Who read Aslund’s paper is not clear. The paper was presented at a private event hosted by the Atlantic Council in Washington in October, but it was not an official Atlantic Council publication and cannot be found on the Atlantic Council website, though Aslund’s Atlantic Council affiliation is the first item noted in the paper’s explanation of its authorship.

Aslund did disclose the project to the Atlantic Council, as fellows are required to disclose outside sources of income, according to Damon Wilson, the council’s executive vice president. "I became aware that Anders was doing in a private capacity something with Sally Painter and Blue Star relating to the Latvian banks," Wilson said, though he did not know the exact content of the paper.

The paper does not mention Painter’s role in its creation. A longtime lobbyist for Latvian nonresident banks — that is, banks whose main business comes not from Latvian residents, but from foreigners — Painter is a cofounder and the chief operating officer of Blue Star Strategies, a Washington-based public relations firm that is listed in US House of Representatives records as having among its clients two companies related to ABLV: ABLV Advisory Services and ABLV Corporate Services. Painter herself was listed as a lobbyist in a 2007 filing that showed that a lobbying firm then known as Dutko Worldwide and now as Dutko Grayling had received $120,000 to lobby for the Latvian–American Financial Forum.

Painter was at the paper’s presentation, as were the Latvian ambassador to the United States and Aivis Ronis, a former Latvian foreign minister who was, at the time, a member of the ABLV board.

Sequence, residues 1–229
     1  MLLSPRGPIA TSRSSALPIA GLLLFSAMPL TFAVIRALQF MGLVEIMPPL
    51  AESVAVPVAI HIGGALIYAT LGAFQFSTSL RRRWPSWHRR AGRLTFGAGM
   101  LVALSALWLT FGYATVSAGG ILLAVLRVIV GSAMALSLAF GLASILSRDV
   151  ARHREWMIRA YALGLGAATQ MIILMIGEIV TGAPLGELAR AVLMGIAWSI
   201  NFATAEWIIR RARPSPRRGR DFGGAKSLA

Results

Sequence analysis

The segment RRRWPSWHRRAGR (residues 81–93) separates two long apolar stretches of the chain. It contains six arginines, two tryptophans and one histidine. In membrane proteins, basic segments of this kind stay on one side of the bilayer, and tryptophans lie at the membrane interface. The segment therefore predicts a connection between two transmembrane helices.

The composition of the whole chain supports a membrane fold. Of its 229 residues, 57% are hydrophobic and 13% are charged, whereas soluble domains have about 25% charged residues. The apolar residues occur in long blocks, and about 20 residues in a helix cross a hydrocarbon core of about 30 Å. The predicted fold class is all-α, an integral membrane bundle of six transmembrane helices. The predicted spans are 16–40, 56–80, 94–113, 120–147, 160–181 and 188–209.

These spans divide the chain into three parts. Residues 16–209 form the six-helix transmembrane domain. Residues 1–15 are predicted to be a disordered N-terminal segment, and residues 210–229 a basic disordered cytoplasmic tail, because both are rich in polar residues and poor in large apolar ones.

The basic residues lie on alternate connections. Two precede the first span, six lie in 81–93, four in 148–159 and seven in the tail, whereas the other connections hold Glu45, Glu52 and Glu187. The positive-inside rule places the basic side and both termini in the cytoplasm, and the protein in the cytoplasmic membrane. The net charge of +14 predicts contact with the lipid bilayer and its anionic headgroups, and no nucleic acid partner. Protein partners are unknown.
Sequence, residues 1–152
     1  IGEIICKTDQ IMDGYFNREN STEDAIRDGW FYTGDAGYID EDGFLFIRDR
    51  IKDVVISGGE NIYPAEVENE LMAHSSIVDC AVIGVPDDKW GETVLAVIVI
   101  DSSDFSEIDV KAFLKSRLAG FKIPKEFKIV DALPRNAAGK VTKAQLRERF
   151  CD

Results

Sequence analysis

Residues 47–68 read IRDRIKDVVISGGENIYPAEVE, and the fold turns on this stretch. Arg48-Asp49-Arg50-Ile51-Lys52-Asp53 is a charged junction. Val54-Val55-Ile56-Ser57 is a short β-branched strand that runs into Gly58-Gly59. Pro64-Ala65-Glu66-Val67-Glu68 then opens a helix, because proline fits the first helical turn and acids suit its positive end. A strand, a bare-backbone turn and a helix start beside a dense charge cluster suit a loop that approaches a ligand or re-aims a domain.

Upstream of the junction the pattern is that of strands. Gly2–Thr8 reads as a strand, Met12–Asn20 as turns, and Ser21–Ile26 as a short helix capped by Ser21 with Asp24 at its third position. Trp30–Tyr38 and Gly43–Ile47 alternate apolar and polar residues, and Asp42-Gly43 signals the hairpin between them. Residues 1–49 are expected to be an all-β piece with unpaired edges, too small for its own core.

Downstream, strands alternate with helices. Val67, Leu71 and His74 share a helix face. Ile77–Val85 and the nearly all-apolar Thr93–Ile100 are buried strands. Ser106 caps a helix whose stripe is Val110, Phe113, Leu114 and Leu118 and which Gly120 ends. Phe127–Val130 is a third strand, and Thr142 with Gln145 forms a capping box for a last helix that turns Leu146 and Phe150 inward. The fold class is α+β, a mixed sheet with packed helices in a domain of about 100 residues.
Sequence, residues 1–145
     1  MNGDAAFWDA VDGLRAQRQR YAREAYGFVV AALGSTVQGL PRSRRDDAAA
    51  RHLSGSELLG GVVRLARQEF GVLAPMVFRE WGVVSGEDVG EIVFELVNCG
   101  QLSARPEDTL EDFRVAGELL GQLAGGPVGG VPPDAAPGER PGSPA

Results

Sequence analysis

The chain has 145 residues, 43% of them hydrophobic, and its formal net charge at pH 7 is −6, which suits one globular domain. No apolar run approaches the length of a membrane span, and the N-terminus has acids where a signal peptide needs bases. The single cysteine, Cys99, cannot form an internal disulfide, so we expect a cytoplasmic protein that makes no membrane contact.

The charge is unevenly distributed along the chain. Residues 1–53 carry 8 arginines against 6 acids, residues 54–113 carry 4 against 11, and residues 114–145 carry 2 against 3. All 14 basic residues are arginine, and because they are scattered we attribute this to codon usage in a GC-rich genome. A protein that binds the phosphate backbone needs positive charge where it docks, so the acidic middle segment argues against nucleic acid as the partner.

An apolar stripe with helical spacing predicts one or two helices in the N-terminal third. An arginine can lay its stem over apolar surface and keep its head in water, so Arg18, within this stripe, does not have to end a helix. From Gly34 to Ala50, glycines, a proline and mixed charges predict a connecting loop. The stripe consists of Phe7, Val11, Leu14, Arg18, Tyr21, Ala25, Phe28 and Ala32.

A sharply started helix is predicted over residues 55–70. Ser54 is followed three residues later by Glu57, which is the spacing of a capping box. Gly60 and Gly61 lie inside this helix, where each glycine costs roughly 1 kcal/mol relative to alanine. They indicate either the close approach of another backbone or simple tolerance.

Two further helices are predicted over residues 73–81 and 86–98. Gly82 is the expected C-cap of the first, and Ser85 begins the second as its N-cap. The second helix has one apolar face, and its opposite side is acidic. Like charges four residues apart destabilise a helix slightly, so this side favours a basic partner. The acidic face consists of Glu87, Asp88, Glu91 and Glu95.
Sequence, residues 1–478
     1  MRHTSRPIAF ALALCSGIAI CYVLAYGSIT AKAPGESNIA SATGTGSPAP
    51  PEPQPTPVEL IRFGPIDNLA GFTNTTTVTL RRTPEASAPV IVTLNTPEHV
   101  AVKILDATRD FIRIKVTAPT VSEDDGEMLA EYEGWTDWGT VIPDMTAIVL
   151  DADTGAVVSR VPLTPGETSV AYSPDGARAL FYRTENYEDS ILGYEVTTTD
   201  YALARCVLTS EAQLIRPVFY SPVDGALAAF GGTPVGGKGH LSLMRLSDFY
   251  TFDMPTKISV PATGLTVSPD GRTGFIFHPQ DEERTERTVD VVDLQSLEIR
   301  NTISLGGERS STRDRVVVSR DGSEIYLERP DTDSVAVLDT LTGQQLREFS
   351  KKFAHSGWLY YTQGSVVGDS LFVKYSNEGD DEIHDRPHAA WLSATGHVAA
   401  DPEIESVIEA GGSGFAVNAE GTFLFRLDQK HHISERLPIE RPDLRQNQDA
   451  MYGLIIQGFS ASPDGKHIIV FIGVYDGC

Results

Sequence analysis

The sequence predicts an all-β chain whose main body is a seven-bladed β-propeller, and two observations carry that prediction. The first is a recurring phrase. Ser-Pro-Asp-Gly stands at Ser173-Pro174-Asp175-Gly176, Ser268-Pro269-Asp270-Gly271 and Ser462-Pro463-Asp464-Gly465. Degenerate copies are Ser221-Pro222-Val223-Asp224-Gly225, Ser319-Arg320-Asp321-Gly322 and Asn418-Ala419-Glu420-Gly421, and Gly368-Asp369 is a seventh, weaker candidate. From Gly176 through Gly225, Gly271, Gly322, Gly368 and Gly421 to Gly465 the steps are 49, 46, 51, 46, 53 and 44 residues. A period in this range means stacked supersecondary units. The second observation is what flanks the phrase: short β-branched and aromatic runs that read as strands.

"The report and my service to the Atlantic Council speak for themselves," Painter wrote in response to a request for comment from BuzzFeed News.

Nicole Meir, a media representative for the Atlantic Council, said that neither Painter nor Aslund had broken council rules in commissioning and writing the report. "This report was commissioned by a private entity as a private engagement and had no Atlantic Council involvement. It was written and published outside the Council and without Council resources," she wrote in an email.

Asked whether ties to Latvian banking money hurt the Atlantic Council’s credibility, John Herbst, director of the Atlantic Council’s Eurasia Center and a former ambassador to Ukraine, told BuzzFeed News, "The short answer is no."

"We have a body of work on Latvia with a very clear message, which is: We want the country to be strong, to be independent. ... And we have done numerous events towards that end. So the fact that someone associated with us does a report on the banking system that’s presented at the Atlantic Council in no way detracts from or diminishes the work we’ve done," he said.

Wilson took a similar position. "My credibility is built on a 25-year career. Every Latvian politician has worked with and knows us," he said, adding that "this was not a council product."

A Blue Star Strategies representative also defended Painter’s role at the Atlantic Council, saying it was unrelated to her lobbying on behalf of Latvian banks accused of laundering Russian money. "For decades, Ms. Painter has promoted transatlantic relations through her pro-bono service, including her service with the Atlantic Council and through her work at Blue Star Strategies, LLC," the representative wrote.

As for Aslund, he stood behind his paper, despite the scathing FinCEN report that came just months later. "My verdict was they had done a lot, while I was careful not to say they had done enough," Aslund told BuzzFeed News. Aslund’s report itself reads, "Latvia no longer appears to be a significant concern for money laundering."

"I stand by my report. It is factually correct. It describes how Latvia has done so many different things to combat money laundering and how the situation has improved. I do not pass any judgment on individual banks or to what extent the policy has eventually succeeded," Aslund wrote in a final email. He did not answer an email asking how much he had been paid.

Springe and Jemberga reported from Riga, Latvia.

UPDATE

The Atlantic Council Defends Its Work With Latvia